Updated 28 February 2020

Oil slumps more than 4% on coronavirus fears

  • Traders fret about impact of spreading virus on crude demand, particularly from China

LONDON: World oil prices tumbled by more than 4 percent on Thursday, as traders fretted about the impact of spreading coronavirus on crude demand, particularly from key consumer China.

Brent oil for April delivery tanked almost 4.2 percent to $51.20 per barrel, while New York’s WTI crude for the same month dived nearly 5 percent to $46.31.

“Concerns that the virus will prompt a global slowdown, weaker consumer confidence and reduced travel has raised concerns about lower demand, weighing on prices,” said CMC Markets analyst Michael Hewson.

Investors are growing increasingly fearful about the economic impact of the new coronavirus or COVID-19 outbreak. 

The virus continues to spread meanwhile, with Brazil reporting Latin America’s first case, and Denmark, Estonia, Greece, Georgia, Norway and Pakistan following suit.

Around 2,800 people have died in China and more than 80,000 have been infected. There have been more than 50 deaths and 3,600 cases in dozens of other countries, raising fears of a pandemic.

The spread of the virus to large economies including South Korea, Japan and Italy has raised concerns that growth in fuel demand will be limited. 

Consultants Facts Global Energy forecast oil demand would grow by 60,000 barrels per day in 2020, a level it called “practically zero,” due to the outbreak.

US President Donald Trump sought to assure Americans on Wednesday evening that the risk from coronavirus remained “very low,” but global equities resumed their plunge, wiping out more than $3 trillion in value this week alone.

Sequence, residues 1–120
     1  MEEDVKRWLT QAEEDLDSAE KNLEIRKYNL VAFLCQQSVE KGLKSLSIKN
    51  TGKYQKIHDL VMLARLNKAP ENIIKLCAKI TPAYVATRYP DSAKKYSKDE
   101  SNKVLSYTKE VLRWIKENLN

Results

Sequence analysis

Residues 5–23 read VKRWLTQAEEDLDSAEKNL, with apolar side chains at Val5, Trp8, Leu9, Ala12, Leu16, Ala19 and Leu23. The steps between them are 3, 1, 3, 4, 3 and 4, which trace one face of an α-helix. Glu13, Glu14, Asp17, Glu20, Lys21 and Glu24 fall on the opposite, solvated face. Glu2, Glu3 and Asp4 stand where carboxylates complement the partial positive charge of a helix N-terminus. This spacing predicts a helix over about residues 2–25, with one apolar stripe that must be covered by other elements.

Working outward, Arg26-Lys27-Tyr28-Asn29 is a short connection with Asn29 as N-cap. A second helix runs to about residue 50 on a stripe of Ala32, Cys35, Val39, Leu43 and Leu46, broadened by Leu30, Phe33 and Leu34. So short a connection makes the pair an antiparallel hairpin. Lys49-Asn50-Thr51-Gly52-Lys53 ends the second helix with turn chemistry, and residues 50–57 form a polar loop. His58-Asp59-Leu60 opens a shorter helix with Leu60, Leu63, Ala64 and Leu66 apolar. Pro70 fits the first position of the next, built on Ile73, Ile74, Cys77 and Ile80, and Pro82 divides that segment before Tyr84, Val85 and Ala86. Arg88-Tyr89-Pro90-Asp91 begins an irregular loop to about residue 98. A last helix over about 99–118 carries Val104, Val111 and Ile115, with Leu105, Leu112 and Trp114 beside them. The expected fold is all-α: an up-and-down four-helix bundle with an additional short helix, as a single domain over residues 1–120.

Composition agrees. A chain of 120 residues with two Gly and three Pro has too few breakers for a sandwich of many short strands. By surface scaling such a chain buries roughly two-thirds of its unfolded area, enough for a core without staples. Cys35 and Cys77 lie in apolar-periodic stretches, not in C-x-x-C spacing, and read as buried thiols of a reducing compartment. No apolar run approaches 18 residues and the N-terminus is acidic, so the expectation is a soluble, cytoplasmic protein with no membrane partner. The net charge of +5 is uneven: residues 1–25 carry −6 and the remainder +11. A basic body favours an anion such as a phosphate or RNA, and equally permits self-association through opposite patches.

“The negative price impact would intensify if the coronavirus were declared pandemic by the World Health Organization, something that looks imminent,” said PVM Oil Associates analyst Tamas Varga.

“The mood is gloomy and the end of the tunnel is not in sight – there is no light ahead just darkness. Not even a refreshingly positive weekly US oil report was able to lend price support.”

Gasoline stockpiles dropped by 2.7 million barrels in the week to Feb. 21 to 256.4 million, the Energy Information Administration (EIA) said on Wednesday, amid a decline in refinery throughput. Distillate inventories fell by 2.1 million barrels to 138.5 million.

US crude oil stockpiles increased by 452,000 barrels to 443.3 million barrels, the EIA said, which was less than the 2-million-barrel rise analysts had expected.

The crude market is watching for possible deeper output cuts by the Organization of the Petroleum Exporting Countries and its allies including Russia, a group known as OPEC+.

“Oil is in freefall as the magnitude of global quarantine efforts will provide severe demand destruction for the next couple of quarters,” said Edward Moya, senior market analyst at OANDA. 

“Expectations are growing for OPEC+ to deliver deeper production cuts next week.”

OPEC+ plans to meet in Vienna on March 5-6.